I am going to imply that someone has disappointed (not discouraged) someone else by their actions. How should I convey this message properly and idiomatically in everyday speech?
I want you to study more. I've asked you many times to study. We're short on cash these days. I have no job. I sent you off to school to find yourself and makeup all these problems one day when I'm not able to manage the affairs. To stand in your feet and hold your own. Instead, you stay out till late night every day and don't pay any attention to me. You're disappointing me by your actions. (Said a mother to her son.) [Self-made monologue.]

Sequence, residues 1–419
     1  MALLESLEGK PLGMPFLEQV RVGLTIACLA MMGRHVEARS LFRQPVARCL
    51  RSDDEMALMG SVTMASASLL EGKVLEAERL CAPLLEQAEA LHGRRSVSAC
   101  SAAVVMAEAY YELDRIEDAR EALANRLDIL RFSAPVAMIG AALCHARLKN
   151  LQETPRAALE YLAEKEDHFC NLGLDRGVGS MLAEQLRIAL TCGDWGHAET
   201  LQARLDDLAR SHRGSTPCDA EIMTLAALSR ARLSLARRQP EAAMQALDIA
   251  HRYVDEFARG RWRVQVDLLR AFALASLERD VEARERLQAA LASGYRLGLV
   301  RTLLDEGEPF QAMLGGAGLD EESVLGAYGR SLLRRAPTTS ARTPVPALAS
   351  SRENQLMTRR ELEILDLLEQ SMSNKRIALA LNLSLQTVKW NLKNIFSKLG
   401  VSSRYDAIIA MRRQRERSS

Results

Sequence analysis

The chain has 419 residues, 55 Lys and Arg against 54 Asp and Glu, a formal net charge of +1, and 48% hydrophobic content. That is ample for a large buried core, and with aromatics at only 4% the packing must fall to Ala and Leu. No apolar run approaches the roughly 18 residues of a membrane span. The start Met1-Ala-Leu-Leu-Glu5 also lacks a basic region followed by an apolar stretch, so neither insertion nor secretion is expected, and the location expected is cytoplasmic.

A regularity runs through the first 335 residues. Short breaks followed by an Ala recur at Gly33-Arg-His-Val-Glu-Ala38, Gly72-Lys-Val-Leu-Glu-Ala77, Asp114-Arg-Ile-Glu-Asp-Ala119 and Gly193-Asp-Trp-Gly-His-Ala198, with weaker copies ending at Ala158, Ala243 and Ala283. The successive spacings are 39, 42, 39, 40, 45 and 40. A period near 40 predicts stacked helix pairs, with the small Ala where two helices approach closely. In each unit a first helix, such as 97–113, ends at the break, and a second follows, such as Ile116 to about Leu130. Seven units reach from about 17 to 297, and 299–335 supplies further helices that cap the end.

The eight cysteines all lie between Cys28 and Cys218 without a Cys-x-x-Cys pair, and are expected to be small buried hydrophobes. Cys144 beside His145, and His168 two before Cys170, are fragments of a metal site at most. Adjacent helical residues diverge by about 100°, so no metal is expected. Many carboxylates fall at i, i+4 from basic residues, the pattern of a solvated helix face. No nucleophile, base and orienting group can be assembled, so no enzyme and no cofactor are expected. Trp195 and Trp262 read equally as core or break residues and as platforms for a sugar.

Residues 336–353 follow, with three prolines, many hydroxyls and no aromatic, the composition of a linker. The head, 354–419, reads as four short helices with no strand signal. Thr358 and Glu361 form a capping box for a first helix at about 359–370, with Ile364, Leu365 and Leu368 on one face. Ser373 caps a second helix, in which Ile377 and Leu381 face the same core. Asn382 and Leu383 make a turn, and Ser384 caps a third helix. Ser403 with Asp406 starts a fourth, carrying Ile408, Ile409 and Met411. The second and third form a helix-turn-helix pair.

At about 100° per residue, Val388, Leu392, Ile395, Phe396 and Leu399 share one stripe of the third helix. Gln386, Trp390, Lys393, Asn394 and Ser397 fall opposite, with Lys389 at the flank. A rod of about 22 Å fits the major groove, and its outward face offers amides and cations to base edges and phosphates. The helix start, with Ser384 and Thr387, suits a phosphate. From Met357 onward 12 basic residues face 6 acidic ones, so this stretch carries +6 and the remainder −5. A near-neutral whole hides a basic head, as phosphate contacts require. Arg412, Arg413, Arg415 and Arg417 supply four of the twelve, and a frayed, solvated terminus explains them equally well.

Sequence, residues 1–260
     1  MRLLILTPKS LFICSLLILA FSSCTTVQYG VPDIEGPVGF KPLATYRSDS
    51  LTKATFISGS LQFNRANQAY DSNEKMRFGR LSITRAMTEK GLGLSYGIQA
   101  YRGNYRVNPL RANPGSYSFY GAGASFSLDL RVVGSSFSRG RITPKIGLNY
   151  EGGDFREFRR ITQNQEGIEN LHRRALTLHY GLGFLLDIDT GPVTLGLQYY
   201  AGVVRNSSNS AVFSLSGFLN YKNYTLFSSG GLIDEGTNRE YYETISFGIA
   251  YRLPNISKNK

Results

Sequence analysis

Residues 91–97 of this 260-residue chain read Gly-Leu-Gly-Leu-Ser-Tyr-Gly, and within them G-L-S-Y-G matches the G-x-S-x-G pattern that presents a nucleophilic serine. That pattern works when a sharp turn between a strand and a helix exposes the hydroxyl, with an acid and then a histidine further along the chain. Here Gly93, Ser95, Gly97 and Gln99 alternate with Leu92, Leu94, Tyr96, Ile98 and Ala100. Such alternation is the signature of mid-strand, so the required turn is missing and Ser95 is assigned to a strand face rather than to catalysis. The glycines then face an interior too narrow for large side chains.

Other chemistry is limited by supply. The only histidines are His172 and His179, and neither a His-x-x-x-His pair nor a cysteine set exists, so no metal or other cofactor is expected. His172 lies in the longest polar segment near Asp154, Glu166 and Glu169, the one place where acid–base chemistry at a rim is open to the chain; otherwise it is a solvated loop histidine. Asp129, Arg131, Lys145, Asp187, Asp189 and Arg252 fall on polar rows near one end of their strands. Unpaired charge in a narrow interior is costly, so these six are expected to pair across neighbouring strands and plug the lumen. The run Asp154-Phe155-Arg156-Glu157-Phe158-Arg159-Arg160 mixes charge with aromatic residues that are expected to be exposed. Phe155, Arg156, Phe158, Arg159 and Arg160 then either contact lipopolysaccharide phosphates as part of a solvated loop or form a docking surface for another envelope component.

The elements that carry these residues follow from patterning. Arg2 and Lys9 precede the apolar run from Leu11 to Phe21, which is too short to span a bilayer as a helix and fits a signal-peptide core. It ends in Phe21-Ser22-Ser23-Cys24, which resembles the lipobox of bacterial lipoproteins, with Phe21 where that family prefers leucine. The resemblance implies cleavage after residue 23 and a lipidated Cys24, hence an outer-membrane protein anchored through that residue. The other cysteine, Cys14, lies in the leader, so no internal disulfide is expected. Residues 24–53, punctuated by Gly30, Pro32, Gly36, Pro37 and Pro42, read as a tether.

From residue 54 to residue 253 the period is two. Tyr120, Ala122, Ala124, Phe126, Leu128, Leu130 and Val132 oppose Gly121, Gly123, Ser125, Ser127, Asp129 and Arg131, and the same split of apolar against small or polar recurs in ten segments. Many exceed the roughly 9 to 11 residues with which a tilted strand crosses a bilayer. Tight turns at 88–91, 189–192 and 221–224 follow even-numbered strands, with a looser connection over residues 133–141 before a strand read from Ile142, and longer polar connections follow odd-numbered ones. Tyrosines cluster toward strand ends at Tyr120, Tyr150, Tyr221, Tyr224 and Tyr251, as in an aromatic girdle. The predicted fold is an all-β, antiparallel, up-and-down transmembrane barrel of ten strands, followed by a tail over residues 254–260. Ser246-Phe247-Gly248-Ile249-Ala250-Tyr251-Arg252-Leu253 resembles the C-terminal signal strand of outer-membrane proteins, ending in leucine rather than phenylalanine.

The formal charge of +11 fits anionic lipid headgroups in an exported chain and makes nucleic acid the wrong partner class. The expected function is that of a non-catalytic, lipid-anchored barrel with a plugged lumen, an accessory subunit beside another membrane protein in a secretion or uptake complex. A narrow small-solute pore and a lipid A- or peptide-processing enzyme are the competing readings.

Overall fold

I was wondering whether the sentence "you're disappointing me by your actions" is an idiomatically natural phrasing in this sense or I have to change it to make sense.
The problem is that when I google the sentence, I cannot hit even one single result. Perhaps native speakers phrase it differently or they use different verb here.